According to Moveable Ink, the week surrounding Black Friday and Cyber Monday has the highest email volume of the holiday season. With emails flooding every reader’s inbox, you need to know how to stand out. Start with the subject line. A huge chunk of subscribers—about 35%—decide whether or not to open an email based on the subject line alone.

To up your Black Friday email open rate, get readers curious about your email with a subject line that either asks a question, promises a deal or coupon, has a “how-to,” or includes a number. You will want to keep the subject line short. Most mobile devices only display the first six or seven words of a subject line, and data from Retention Science shows that subject lines with 10 words or less tend to have higher open rates. Above all else: test! See what performs better for your audience.

Take a look at some subject lines from last year’s Black Friday:

black friday email subject lines


Don’t forget the preheader text that immediately follows your subject line. Like the subject line, the preheader serves as a screening tool. The first plain text that appears in the email will show up as preheader texts, so make it enticing!

black friday email preheader

4. Don’t send a “single-image” email

Last year, eConsultancy announced Black Friday 2015 was “the first smartphone Black Friday.” On Black Friday, sales from mobile devices hit 36%, up nearly 30% from 2014. Of mobile sales in general, about 1 in 5 purchases occurred on a smartphone, a marked 75% increase from last year’s Black Friday (11.8% in 2014 to 20.6% in 2015).

This year, we can expect the mobile purchase trend to continue, so your Black Friday email must be optimized for mobile screens. This means that you should follow these design best practices:

And the big thing to avoid: don’t design an email that’s one big, single image (or a collection of big, single images). This one from Starbucks is an example of an email that has no plain text—which means it’s likelier to end up marked as spam and eat up space on mobile plans, and it won’t be viewed by readers with image viewing turned off.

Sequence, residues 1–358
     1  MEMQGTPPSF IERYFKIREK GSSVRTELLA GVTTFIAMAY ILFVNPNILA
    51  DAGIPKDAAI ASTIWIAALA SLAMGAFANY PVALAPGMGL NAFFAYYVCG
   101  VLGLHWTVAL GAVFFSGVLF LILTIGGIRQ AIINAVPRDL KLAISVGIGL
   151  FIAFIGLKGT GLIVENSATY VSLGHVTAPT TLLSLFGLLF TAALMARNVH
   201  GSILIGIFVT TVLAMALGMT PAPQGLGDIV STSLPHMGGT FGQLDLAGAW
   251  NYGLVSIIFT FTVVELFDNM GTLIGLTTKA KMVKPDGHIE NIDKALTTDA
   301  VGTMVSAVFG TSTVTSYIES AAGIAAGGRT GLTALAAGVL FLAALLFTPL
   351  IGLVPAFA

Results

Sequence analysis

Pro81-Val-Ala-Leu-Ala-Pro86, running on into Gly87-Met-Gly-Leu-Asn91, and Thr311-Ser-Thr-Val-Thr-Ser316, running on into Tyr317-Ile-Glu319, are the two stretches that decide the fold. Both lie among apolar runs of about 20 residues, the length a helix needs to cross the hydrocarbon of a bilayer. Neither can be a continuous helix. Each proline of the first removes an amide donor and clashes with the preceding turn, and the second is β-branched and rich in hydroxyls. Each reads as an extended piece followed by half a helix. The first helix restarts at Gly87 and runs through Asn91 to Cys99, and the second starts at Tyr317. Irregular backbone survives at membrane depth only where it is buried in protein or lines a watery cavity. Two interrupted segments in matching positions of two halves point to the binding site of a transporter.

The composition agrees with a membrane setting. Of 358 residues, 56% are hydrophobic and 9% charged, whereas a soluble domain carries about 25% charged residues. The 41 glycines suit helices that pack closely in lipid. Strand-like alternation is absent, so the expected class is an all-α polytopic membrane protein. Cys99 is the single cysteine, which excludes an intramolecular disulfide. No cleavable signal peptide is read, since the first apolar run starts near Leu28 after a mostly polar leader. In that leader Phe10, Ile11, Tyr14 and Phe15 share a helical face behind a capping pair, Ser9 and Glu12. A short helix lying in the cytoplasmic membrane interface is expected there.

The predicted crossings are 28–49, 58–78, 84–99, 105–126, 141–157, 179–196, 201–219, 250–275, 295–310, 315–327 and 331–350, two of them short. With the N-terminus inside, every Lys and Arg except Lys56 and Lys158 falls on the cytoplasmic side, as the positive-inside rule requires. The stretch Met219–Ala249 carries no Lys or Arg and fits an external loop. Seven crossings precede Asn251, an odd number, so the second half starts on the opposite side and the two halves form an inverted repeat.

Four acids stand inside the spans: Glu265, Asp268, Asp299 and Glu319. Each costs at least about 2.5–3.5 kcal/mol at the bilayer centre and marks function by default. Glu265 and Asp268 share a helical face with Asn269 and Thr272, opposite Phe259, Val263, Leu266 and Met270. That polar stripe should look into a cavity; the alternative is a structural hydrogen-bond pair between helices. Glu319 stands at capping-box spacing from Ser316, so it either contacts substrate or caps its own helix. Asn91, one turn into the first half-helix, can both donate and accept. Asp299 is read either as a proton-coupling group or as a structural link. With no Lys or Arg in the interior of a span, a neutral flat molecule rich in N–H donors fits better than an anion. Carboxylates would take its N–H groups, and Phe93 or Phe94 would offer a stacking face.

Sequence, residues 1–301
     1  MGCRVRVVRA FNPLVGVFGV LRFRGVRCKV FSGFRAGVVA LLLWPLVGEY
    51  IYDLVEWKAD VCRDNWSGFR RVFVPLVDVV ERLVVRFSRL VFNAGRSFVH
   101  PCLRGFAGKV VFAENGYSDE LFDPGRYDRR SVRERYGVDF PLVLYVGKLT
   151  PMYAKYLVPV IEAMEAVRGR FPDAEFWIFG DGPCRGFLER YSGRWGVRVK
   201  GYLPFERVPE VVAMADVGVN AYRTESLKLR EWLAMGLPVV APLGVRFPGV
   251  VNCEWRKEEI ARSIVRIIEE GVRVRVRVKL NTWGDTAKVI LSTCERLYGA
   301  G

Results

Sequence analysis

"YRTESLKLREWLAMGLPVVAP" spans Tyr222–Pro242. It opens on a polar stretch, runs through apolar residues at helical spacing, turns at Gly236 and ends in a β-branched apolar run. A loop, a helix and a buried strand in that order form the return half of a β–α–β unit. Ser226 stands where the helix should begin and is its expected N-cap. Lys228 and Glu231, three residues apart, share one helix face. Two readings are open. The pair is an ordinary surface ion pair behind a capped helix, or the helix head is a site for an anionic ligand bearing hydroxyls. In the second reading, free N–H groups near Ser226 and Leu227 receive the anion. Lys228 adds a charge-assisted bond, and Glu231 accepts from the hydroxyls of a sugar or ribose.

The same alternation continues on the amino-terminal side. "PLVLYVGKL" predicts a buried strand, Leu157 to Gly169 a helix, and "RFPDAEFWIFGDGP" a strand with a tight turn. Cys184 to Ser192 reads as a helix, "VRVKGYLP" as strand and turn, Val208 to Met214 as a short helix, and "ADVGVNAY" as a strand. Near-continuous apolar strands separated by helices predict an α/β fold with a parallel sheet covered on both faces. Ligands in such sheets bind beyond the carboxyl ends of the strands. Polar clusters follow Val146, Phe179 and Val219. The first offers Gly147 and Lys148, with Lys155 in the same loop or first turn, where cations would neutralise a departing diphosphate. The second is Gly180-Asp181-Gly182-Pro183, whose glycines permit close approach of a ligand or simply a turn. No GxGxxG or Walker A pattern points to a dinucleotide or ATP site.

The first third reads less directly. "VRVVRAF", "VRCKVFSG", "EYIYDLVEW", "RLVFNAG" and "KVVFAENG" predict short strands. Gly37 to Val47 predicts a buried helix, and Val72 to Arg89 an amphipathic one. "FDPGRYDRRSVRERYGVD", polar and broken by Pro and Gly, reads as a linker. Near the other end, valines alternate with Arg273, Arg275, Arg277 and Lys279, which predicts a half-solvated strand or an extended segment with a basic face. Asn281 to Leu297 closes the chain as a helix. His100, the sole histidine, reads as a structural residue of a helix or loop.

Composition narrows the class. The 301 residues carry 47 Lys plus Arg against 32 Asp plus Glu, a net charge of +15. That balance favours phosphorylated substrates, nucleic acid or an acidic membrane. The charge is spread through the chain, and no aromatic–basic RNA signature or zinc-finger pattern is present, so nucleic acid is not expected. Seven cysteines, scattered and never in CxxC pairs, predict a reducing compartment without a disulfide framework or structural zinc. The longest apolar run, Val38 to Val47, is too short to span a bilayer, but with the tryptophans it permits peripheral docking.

starbucks black friday email

Instead, balance images with plain text. Use HTML background colors, bulletproof buttons, and content that’s arranged in an inverted pyramid layout.

5. Don’t forget brand trust

“Brand trust” on Black Friday means your audience trusts you to deliver content that’s relevant and valuable. Offer a real deal—one that’s special and different from your other promotions throughout the year. Or, don’t offer a deal at all. REI, the outdoor apparel and equipment retailer, has joined hundreds of other companies in intentionally skipping Black Friday. Instead, they’re doing an #OptOutside campaign. Here are two recent emails announcing and explaining the approach:

rei black friday email

rei black friday email

Likewise, Everlane started their Black Friday Fund to celebrate workers on the holiday.

everlane black friday email

The point is, Black Friday doesn’t need to be about offering 50% off your product. Approach the holiday by thinking of what your audience would most appreciate seeing, and stay true to your brand mission and values.

What do you plan to send this Black Friday? Let us know in the comments!




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Kelly Shetron